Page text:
Is your listing a "party target?"

in
Frederick, MD
Level 10
714 Views

One of the biggest issues with new hosts is that guests will take advantage of the need for good reviews. Starting out, you may put up will all sorts of shenanigans that you won't encounter with the same frequency as you become more seasoned. One of the most egregious issues is the dreaded party. Parties can cause damage, police calls to your space, and even injury or death in extreme and tragic cases. Airbnb has banned parties, and yet the platform still seems to be ambivalent about assisting hosts who report them. So what can you do to ensure that your space is safe and party-free as much as you can? Are you inadvertently attracting guests who are ready to throw a party?

 

1.  Is your space attractive to partiers? Influencers post "best party houses" online and they seem to have some key features that are catnip to those Insta stories. Extra large spaces with pools, hot tubs, movie rooms etc are always a target. Both urban and rural communities can be a target. Your space may not be ready for a photo spread in Architectural Digest, but if its a whole house with a pool or hot tub it may be appealing to the wrong types of guests.

 

2. Do you allow high guest counts? Some hosts have a strategy where they try to pack in as many people as possible in order to make their listing appealing.  They might include sofas, air mattresses, cots, futons etc as sleeping spaces. This is another piece of the party puzzle. The more guests that can fit, the more likely that stay will turn into a "get together." Its always a good idea to list guest capacity as the number of adults who would normally fit in the actual beds in the space. The more people you seem like you will allow to stay in your space, the more party planners are going to target it.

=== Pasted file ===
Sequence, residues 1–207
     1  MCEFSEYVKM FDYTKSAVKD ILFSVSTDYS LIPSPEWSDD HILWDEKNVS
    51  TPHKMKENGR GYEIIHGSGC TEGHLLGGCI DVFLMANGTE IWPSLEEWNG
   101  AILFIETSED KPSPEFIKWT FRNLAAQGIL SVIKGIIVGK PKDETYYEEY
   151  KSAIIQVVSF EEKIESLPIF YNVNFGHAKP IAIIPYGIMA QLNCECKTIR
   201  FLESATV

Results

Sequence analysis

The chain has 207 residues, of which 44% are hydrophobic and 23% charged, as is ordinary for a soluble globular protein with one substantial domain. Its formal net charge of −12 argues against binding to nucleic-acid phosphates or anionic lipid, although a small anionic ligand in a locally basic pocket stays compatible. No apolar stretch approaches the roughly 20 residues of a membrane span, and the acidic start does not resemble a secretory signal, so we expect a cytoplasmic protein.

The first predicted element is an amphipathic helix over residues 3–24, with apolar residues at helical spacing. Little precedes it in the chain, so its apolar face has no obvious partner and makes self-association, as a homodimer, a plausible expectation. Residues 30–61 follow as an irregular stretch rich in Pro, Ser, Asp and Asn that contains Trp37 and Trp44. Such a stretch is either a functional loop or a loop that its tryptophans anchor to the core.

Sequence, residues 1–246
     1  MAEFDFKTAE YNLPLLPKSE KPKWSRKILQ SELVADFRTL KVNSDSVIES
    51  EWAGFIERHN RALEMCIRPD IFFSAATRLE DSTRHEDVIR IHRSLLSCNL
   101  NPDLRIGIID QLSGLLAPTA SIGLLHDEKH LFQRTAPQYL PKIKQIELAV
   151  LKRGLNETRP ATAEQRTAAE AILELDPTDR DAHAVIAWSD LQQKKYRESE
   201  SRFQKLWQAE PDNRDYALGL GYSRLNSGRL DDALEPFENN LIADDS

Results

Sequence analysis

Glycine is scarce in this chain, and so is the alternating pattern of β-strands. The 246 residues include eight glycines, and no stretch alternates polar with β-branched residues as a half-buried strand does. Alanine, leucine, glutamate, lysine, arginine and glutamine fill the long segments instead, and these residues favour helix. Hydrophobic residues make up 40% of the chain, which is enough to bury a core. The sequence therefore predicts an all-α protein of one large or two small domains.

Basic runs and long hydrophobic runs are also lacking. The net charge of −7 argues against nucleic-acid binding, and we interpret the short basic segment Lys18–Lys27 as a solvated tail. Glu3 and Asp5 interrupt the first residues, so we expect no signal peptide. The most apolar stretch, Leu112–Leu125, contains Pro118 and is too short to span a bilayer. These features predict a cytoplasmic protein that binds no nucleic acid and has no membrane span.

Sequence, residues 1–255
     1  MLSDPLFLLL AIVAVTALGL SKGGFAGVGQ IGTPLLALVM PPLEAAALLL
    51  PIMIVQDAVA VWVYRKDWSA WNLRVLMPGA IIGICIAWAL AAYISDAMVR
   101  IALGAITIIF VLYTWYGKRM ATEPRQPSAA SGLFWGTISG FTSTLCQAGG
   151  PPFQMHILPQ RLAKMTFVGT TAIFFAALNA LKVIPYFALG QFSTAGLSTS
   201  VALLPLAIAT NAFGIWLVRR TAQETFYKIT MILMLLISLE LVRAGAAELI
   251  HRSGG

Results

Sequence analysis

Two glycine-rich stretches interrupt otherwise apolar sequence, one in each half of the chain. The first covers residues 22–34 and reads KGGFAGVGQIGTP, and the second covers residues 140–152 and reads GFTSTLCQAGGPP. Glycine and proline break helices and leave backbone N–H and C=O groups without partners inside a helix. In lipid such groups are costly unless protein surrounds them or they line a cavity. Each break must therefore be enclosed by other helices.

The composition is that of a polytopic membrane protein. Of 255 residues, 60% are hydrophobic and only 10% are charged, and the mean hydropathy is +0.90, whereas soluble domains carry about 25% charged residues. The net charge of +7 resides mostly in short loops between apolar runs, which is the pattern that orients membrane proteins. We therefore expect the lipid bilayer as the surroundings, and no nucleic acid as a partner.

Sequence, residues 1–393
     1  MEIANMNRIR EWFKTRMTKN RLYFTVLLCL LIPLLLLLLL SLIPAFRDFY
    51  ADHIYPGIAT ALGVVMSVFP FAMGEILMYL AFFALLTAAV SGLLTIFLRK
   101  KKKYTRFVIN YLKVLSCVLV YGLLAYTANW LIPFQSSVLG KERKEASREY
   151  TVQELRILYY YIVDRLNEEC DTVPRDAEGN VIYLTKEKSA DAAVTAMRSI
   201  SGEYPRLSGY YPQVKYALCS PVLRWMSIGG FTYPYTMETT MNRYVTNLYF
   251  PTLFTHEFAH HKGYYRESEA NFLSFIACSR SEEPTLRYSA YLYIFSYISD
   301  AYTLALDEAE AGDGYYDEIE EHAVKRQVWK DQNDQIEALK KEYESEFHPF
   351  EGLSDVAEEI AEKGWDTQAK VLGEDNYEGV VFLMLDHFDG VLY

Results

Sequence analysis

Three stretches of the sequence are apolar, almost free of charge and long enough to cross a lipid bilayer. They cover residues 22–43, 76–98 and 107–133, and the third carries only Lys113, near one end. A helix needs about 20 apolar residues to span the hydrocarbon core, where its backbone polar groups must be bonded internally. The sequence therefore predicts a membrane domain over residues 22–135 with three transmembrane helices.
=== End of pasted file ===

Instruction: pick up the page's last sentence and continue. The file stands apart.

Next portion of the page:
3. What is your nightly price per person? If you have higher guest counts, your best bet to distract those who want a party from looking at your space is to make your nightly price higher per person. If you allow 10 guests at $160 a night, that is $16 per night per person. Guests on the whole DO NOT respect spaces if the nightly fee is too low. If your space costs less per guest than 2 tickets to a movie and popcorn, or a large drink at Starbucks and a McDonald's meal, they are unlikely to treat it with care or adhere to posted rules.